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Spring ’22 BlackBox: Double Feature!!

posted on March 20th, 2022 by Gemma Siegler

By Julian Tushabe ’22

This spring, Skidmore Theater did something different from their typical season by putting up two Black Box productions in rep: And Baby Makes Seven, written by Paula Vogel, and directed by Gemma Siegler, ‘22, and The Chaparral, written and directed by Tatsu Rivera ‘22. 

Anna (Lilianna Mastroianni ’22), Peter (Jonah Harrison ’22), and Ruth (Emily Zeller ’22) cradling their baby.

In And Baby Makes Seven we saw Anna, (played by Lilianna Mastroianni ‘22), Ruth (played by Emily Zeller ‘22), and Peter (played by Jonah Harrison ‘22), eagerly awaiting the arrival of their newborn child. The threesome navigates all of the emotions that come with pregnancy and parenting through the lens of three imaginary children played by the women.

Alexis (Sophie Kelly ’24), Fern (Izzy Maher ’22), and Jean (Austin Brannan ’23) exploring the roads of the Chaparral.

The Chaparral took us to the open road in a shrubland plant community where Jean (played by Austin Brannan ‘23) struggles with his identity as a queer man and flees from home with the company of his sibling Alexis (played by Sophie Kelly ‘24). Each night the shows alternated as to which one would go up first with a brief intermission between the two, where the space was impressively transformed. 

For The Chaparral, the audience walked in and sat parallel to each other with the stage between them where Jean and Alexis were already driving silently down the road in a bright red Nissan, with Fern (played by Izzy Maher ‘22) in the backseat. The play opened up with Alexis pointing out every plant they saw on the side of the road for Jean to identify, but through various interactions with different characters the siblings meet as they get lost in the chaparral, Jean is forced to reckon with his queerness. Somewhere near the end, Jean and Fern watch a beautiful montage of scenes from queer films projected on screens at both ends of the stage before finally taking Alexis to the “mud show” that they’ve been begging to visit. The play ends with Alexis shooting an unseen figure, implied to be the person they fled from, represented by a pulsing image on one of the screens, and yelling out “fuck nazis,” a callback to a story they told about their grandfather.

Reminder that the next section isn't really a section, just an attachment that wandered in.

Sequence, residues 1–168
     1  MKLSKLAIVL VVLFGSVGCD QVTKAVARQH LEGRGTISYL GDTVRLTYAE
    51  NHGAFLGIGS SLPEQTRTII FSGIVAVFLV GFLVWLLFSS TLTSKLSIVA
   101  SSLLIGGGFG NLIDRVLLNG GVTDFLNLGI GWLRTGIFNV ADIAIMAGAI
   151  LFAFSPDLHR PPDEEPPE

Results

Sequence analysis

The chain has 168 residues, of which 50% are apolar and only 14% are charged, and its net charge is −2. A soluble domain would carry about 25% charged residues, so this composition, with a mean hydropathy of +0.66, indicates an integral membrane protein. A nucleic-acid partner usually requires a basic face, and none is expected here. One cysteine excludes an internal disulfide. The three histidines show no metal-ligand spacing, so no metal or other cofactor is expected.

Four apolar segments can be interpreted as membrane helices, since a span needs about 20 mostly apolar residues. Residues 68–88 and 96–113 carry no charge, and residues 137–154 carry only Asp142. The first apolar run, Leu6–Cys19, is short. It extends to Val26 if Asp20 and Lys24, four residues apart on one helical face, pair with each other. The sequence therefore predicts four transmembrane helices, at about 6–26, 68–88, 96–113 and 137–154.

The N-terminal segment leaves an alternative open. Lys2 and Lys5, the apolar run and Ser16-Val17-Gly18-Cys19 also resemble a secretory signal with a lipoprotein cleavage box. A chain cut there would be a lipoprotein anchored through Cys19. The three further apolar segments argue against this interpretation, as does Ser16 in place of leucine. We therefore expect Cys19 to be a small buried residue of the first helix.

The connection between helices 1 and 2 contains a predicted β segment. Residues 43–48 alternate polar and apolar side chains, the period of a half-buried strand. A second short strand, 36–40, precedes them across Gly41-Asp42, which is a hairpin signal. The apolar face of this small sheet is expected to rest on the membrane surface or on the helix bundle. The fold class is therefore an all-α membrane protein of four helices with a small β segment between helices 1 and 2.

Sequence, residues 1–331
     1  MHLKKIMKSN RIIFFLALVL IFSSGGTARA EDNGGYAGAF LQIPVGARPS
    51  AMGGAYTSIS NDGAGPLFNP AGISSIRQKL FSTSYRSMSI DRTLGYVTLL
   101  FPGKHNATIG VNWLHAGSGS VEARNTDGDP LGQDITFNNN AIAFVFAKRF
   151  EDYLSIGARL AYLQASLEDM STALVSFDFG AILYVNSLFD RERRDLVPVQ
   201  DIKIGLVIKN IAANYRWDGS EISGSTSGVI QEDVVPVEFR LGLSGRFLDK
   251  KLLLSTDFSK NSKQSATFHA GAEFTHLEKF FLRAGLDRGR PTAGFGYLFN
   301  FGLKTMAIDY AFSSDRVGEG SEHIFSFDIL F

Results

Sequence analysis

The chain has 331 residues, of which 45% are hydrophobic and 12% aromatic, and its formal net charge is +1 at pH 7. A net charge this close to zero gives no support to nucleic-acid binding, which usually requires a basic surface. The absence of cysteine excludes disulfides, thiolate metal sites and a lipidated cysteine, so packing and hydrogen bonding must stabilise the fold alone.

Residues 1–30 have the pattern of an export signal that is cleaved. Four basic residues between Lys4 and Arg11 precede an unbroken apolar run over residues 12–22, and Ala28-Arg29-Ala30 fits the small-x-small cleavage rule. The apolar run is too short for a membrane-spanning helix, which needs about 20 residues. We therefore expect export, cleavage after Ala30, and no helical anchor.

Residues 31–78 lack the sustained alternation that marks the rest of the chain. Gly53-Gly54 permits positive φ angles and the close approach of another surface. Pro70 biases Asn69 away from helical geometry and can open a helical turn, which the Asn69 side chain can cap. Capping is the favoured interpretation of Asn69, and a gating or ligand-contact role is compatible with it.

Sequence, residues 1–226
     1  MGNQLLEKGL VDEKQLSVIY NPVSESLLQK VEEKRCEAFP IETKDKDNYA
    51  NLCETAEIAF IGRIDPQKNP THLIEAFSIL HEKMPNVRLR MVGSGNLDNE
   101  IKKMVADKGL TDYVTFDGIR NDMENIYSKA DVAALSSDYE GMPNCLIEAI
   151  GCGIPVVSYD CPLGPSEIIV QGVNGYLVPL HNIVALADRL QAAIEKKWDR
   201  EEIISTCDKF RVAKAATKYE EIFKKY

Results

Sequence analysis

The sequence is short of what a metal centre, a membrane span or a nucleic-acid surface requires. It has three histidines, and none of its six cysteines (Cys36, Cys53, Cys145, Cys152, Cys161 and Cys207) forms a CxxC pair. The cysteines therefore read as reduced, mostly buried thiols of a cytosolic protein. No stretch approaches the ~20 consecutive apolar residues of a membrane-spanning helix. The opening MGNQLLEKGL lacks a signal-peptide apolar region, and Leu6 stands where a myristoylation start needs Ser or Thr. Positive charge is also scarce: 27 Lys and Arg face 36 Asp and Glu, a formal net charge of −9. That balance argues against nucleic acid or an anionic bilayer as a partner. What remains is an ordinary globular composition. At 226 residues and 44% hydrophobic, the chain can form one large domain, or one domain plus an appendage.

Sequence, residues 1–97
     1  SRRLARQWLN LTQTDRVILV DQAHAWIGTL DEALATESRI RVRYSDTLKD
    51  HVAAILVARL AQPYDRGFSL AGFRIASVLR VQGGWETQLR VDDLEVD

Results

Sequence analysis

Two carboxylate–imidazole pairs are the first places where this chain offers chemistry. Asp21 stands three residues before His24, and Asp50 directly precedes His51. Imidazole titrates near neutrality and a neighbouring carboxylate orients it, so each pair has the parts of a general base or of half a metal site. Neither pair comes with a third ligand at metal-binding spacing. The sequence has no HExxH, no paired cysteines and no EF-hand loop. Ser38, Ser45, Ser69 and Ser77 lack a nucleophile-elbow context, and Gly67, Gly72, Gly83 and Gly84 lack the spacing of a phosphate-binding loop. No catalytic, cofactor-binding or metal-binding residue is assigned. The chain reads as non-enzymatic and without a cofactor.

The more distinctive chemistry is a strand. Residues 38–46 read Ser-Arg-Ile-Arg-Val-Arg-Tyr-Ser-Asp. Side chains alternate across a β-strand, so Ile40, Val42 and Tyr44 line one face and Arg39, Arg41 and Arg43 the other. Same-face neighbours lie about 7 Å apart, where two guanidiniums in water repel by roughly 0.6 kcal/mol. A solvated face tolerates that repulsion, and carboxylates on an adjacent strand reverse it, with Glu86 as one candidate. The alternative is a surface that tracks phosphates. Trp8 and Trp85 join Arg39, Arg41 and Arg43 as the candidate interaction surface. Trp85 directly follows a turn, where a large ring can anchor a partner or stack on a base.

Jean (Austin Brannan ’23) and Fern (Izzy Maher ’22) watch the queer movie montage.

And Baby Makes Seven took us to the inside of a 1980’s New York City apartment with tiled floors, a kitchen, and a fire escape where Ruth and a very pregnant Anna hilariously blurred the lines of reality and illusion with frequent switches into the characters of their three imaginary children, much to Peter’s dismay. Through numerous quick changes in wardrobe, physicalities, and dialects, Anna and Ruth continually dive deeper into the personalities of their imaginary children until Peter’s frustration forces them to consider the ways this behavior may be unhealthy. They eventually decide to kill each of the children off to make space for their baby on the way but struggle to release the comfort the kids had brought them. The tensions and intimate moments in the process of releasing their imaginary children ultimately leads to a beautiful family dinner scene after the arrival of their baby where Peter decides to bring the imaginary children back.

Ruth (Emily Zeller ’22) enacts one of the imaginary children’s deaths.

Through the dynamics between the threesome in And Baby Makes Seven and the two siblings in The Chaparral definitions of family, power, masculinity, femininity, friendship, and love, are explored and challenged in clever, comedic, and heartwarming ways.


Julian Tushabe ’22 is a Staff Writer for the Skidmore Theater Living Newsletter

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